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Plant biochemistry

Anthocyanin biosynthesis in roses

Abstract

Anthocyanin is the principal pigment in flowers, conferring intense red-to-blue cyanic colours on petals and helping to attract pollinators. Its biosynthesis involves glycosylation steps that are important for the stability of the pigment and for its aqueous solubility in vacuoles1,2. Here we describe anthocyanin biosynthesis in roses (Rosa hybrida), which is unlike the pathway used in other flowers in that it relies on a single enzyme to achieve glycosylation at two different positions on the precursor molecule. Phylogenetic analysis also indicates that this previously unknown glucosyltransferase enzyme may be unique to roses, with glycosylation having apparently evolved into a single stabilizing step in other plants.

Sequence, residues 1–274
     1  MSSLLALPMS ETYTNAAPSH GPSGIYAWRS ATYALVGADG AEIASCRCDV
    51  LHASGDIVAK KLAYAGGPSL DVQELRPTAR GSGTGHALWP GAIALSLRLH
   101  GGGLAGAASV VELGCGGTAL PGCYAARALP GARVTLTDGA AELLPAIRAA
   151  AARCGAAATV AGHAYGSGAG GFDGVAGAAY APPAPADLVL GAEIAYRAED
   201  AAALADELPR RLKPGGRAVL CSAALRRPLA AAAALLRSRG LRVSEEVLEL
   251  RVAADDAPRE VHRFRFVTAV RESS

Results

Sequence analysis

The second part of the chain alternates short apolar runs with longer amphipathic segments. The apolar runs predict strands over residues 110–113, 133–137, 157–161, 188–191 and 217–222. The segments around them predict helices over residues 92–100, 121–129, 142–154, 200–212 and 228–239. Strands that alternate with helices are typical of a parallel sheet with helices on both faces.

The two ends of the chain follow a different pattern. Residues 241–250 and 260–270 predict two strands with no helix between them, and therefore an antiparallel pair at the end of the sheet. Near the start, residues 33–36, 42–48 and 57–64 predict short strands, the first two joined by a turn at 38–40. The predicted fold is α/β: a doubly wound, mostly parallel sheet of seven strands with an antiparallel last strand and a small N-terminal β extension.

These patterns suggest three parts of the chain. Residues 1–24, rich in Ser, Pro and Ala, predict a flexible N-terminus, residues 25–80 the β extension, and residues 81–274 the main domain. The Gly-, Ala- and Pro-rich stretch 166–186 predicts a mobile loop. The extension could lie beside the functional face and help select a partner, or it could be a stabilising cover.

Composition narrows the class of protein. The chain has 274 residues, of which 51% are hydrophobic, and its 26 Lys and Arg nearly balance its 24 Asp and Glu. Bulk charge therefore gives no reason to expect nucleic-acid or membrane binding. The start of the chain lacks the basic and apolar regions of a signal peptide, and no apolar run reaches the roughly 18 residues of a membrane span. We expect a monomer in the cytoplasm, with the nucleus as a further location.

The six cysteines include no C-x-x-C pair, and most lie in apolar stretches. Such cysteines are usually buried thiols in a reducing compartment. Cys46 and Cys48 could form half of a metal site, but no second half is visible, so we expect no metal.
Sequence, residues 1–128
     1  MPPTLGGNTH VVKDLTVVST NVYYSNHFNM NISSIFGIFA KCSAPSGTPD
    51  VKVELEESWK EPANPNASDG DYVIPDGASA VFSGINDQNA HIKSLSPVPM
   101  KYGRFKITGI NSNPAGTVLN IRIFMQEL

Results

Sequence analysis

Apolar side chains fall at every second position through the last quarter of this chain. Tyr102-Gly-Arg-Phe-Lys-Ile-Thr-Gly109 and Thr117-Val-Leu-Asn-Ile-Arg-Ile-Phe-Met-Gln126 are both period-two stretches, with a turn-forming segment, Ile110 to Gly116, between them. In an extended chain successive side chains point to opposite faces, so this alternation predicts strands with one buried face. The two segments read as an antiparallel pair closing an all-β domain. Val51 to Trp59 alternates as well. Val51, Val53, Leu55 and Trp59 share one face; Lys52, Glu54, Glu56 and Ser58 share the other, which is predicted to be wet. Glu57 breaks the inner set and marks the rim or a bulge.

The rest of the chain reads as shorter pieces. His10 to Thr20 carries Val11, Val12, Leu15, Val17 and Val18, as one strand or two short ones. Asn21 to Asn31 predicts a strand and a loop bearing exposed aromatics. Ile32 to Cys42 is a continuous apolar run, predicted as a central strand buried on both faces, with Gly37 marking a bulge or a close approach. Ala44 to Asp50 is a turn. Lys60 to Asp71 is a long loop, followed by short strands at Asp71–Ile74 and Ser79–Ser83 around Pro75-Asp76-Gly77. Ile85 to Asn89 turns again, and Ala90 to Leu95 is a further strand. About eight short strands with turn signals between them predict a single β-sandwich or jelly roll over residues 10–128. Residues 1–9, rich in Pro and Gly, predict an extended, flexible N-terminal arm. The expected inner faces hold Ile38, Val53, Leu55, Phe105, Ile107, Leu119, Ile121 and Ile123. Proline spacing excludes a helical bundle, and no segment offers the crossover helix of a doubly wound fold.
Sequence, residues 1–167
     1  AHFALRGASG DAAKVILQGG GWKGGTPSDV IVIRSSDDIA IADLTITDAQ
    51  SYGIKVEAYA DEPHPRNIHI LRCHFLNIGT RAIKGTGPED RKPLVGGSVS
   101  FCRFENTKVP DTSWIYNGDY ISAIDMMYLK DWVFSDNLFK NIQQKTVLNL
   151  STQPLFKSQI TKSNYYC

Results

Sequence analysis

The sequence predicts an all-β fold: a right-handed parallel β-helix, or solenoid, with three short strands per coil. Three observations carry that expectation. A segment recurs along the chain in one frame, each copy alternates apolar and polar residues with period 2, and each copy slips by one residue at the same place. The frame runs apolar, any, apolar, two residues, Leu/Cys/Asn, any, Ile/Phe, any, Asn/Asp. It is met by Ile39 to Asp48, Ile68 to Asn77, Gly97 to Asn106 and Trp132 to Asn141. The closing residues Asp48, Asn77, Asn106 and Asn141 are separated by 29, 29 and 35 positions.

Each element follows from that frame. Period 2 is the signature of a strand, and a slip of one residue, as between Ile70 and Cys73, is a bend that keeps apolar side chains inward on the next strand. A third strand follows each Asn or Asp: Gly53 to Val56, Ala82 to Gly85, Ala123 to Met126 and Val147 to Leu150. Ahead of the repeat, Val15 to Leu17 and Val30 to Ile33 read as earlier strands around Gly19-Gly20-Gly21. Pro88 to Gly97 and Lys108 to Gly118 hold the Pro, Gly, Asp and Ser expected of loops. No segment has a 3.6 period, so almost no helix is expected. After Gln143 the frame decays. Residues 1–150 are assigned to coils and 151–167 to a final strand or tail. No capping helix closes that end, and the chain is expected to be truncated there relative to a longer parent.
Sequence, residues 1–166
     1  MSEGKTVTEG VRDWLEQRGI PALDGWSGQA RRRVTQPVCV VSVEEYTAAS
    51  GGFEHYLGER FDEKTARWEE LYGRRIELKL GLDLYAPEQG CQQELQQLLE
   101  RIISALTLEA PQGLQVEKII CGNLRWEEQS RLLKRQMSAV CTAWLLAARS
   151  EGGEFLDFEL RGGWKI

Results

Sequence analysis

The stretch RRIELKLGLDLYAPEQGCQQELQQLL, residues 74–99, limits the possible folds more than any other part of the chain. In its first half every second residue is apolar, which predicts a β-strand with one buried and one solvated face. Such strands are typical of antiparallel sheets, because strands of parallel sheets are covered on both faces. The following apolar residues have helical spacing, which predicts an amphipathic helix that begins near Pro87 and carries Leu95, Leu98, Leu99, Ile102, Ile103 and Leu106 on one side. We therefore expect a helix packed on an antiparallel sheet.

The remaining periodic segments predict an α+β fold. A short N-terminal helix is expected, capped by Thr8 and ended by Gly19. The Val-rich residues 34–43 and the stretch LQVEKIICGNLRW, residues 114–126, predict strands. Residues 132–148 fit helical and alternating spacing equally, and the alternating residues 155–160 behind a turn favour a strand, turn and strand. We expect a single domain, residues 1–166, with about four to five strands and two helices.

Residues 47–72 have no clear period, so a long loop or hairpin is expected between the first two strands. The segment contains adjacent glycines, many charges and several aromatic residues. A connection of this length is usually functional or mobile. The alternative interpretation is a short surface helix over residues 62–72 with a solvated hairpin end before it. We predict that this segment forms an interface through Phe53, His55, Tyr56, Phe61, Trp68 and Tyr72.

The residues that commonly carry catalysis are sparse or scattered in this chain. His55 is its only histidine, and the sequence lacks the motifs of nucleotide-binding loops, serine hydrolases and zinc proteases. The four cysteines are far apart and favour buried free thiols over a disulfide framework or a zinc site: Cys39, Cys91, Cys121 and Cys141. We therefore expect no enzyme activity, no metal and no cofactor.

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Figure 1: A previously undiscovered rose anthocyanidin glucosyltransferase and its phylogeny.

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Correspondence to Masahiko Suzuki.

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The authors declare no competing financial interests.

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Ogata, J., Kanno, Y., Itoh, Y. et al. Anthocyanin biosynthesis in roses. Nature 435, 757–758 (2005). https://doi.org/10.1038/nature435757a

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